This is a series of posts describing the many varieties of Japanese gate, or mon (門). If you look at the preceding kanji more closely, you can think of it as a picture of a pair of swinging doors, reminiscent of saloon doors in a wild west movie. I thought that it would be a nice idea to bring more awareness to a western audience as to the tremendous diversity in forms and types of Japanese gates. This series intends to be a gateway to gates.
Previous posts in this series:
A cherry tree (楼) gate (門) with the upper story functioning as a bell (鐘) tower. A stand-alone bell tower is termed a shōrō (鐘楼). There are bell towers and bell tower gates.
As with rōmon (see previous post) there are four-legged and eight-legged versions of shōrōmon. Let’s look at a few examples of the four-legged type first.
Another view provides a glimpse of the bell on the second floor:
While the exterior form of these gates is the same as we saw in our previous post looking at rōmon, the one key difference is that the second floor is actually used for something, and thus there is access to the upper floor by way of a ladder or staircase. Alternatively, the cord attached to the shumoku hangs down through the floor structure so that the bell can be rung from ground level.
Another four-legged shōrōmon:
A view from the back reveals the ladder and the bell’s wooden striker, or shumoku (撞木):
One more four-leg version, at Daichūji:
Now for a look at eight-legged shōrōmon, which appear to be the more common type to come across.
This first one has such a narrow base that it is close in form to the four-legged type – in fact it is debatable how many legs one would suggest for labeling purposes:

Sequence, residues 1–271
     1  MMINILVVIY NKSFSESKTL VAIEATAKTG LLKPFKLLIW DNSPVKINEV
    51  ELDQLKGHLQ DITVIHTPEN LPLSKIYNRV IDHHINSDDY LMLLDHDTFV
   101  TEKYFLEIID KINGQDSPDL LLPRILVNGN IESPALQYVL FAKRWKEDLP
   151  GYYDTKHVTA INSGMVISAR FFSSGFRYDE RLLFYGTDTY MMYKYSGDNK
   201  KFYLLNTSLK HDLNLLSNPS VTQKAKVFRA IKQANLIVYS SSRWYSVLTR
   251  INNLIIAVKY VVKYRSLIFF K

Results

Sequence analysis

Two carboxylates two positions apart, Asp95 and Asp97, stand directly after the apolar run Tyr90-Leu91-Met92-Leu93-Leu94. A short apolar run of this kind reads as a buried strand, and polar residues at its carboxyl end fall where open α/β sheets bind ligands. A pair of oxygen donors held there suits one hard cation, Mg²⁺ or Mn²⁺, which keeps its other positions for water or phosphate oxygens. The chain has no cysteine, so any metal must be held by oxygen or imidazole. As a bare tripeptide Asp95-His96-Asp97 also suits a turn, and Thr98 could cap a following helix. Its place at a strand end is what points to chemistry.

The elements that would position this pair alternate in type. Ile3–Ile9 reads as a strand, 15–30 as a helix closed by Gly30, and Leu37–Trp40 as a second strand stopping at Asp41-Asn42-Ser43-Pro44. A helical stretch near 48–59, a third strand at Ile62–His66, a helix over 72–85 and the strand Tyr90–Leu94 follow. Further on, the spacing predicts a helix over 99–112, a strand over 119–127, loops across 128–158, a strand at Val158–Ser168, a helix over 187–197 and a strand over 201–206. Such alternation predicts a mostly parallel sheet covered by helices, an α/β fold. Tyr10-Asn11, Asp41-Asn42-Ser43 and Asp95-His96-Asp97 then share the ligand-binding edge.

A more ‘typical’ eight-legged shōrōmon, if one can say there is such a thing:
The above gate was constructed between 1716 and 1735. You will note that although it is called an ‘eight-leg’ gate, in reality there are 12 supporting posts. This is a similar situation to the way four legged gates are labeled, which is on the basis of the count of auxiliary support posts, or hikae-bashira.
Another example, at Kanonji:
As with some stand-alone bell towers, there are shōrōmon, in four- or eight legged variants, which have their lower posts and associated timber work enclosed within a skirt-shaped enclosure, or hakama-goshi. The bell tower gate at Manjuji in Kyoto:
And with a certain sect of Buddhism – I haven’t been able to nail down which one it is at the time of writing with total surety – I think it is Nichiren Buddhism – that hakama-goshi is formed in a curvilinear manner and often painted/plastered white. At Honganji there is an example:
One last example shows the same curvilinear lower skirt enclosure, not painted white this time. Nyorinji in Chiba Prefecture:
A beautiful example of double-curvilinear work, and fan-raftering, or ōgi-daruki.
You’ll find that clicking on any of the above pictures should provide you with some nice wallpaper for your screen. Thanks for coming by the Carpentry Way. On to the next post.